Whatever progress means for you, be proud. And keep with it! 

Senior Fitness Programs 

Integrating socialization with physical activity can be a great way to increase motivation – and the results you see. If you have an exercise buddy you can walk with, for example, you tend to hold yourself more accountable. 

You can also ask your healthcare provider about senior fitness programs. Cano Health, for example, offers a variety of wellness options, including:

  • SilverSneakers. This program is designed for people 65 years and older. It is included in many Medicare Advantage plans and you can benefit from senior classes and at-home workouts.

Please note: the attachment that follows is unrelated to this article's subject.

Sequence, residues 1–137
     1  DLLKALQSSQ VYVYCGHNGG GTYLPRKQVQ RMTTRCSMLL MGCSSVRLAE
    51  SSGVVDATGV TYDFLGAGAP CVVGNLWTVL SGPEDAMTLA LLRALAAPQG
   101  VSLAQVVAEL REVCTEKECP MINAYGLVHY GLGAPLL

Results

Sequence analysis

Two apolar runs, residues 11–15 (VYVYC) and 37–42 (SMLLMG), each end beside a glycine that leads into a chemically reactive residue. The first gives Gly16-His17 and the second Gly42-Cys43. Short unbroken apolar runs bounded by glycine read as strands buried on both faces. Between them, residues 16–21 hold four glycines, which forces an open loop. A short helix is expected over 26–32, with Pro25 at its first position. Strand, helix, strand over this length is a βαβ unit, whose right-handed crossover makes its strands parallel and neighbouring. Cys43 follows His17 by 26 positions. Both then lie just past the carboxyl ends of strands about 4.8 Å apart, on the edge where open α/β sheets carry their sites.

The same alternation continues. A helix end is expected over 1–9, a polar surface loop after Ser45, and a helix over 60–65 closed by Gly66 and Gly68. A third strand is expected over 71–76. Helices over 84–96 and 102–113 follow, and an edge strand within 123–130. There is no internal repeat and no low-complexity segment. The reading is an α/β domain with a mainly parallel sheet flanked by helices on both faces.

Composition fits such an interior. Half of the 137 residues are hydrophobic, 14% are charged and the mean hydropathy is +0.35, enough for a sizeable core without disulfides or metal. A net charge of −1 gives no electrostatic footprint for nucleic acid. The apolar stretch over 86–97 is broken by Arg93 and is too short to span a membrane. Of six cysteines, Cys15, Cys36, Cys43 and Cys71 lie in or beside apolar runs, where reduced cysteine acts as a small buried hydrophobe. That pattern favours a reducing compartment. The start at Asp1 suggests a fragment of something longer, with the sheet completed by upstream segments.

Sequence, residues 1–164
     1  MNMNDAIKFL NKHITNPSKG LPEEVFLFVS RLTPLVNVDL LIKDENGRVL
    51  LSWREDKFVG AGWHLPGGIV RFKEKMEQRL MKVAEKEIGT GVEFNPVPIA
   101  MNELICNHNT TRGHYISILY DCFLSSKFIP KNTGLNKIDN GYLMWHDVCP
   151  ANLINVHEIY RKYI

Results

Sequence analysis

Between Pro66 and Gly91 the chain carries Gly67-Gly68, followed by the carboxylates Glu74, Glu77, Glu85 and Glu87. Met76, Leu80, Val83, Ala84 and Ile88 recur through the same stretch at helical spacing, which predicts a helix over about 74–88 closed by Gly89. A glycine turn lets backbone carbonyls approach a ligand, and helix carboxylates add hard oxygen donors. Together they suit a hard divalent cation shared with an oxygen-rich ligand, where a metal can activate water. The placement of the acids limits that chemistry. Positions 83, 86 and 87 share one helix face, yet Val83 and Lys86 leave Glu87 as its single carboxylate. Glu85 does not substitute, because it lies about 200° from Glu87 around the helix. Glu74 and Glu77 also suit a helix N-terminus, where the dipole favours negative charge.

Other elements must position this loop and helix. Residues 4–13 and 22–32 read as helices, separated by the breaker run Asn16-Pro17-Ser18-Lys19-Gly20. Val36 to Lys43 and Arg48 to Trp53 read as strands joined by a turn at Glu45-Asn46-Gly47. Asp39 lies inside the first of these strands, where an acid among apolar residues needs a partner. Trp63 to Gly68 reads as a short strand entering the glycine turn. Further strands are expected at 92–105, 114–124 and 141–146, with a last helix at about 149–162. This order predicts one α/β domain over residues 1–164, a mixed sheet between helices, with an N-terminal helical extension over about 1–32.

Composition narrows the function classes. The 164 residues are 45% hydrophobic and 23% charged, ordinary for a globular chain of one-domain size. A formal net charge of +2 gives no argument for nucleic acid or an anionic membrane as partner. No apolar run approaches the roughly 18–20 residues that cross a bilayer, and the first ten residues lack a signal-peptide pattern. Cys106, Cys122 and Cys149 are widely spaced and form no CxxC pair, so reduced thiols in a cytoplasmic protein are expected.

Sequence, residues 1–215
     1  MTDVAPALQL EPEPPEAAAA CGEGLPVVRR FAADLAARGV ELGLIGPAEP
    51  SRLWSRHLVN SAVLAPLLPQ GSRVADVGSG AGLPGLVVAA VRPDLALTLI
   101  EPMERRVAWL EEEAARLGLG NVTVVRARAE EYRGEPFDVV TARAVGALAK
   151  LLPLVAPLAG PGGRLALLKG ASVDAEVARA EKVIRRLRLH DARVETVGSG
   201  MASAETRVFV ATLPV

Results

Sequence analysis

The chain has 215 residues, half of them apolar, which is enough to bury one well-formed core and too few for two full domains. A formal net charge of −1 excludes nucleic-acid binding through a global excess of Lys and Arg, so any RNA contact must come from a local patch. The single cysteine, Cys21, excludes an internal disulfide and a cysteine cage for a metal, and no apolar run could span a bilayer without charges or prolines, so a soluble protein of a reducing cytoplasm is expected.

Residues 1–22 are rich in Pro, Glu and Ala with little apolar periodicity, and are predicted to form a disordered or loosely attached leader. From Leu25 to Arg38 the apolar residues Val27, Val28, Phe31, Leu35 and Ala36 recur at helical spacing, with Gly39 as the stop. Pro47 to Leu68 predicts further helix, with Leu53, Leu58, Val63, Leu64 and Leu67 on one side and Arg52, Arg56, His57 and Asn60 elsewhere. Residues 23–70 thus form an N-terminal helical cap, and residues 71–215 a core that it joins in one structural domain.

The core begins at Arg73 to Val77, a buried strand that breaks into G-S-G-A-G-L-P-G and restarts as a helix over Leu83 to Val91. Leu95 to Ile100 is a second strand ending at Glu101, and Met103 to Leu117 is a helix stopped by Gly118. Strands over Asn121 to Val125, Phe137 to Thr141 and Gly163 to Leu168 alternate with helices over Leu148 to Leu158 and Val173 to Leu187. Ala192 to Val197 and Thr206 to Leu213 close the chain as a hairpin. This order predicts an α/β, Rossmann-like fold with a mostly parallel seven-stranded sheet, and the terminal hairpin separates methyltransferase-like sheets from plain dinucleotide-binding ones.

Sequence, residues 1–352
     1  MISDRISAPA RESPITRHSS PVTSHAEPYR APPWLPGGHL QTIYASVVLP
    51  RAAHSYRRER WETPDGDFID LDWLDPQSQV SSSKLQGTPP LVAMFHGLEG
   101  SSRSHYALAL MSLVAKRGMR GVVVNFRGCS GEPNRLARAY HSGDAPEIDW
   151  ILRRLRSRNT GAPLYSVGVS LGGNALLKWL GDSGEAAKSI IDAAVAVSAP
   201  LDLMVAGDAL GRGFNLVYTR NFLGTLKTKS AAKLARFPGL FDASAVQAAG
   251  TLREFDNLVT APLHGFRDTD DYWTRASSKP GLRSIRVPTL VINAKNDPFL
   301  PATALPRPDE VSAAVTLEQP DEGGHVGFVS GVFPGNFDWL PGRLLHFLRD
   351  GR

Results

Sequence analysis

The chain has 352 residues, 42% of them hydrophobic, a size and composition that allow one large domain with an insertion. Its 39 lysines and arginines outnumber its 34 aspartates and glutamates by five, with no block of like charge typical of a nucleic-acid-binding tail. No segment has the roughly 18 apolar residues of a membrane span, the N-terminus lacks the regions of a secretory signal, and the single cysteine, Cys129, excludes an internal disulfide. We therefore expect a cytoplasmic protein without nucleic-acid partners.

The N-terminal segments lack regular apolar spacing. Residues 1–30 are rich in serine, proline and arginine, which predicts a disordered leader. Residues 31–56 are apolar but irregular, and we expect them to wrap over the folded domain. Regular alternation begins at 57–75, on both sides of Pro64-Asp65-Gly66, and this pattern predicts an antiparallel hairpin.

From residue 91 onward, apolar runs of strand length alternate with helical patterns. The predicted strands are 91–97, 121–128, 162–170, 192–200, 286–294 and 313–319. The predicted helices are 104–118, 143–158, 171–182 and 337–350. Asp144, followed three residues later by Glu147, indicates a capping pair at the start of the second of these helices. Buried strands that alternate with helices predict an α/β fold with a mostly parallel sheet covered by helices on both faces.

• Laughter Yoga. Laughter is the best medicine, and we boost its powerful effects with yoga! Fitness should be fun.
  • Music and Dancing. You don’t need to be Fred Astaire to participate. You can even have two left feet. All you need is a good attitude – and a water bottle.
  • Cano Life. This is a great rewards program we offer to our patients. You earn points for participating in wellness activities and preventative care services. Fitness is its own reward, but it is nice to have a little extra incentive!

We cannot emphasize enough the importance of fitness for seniors. It not only adds years to your life, but life to your years. It is never too late to start, and exercise is for every body.

>>> To get started with senior fitness programs or create one that works for your needs, contact Cano Health at 855.CANOMED (855.226.6633). We are excited to help you take the next steps on your fitness journey.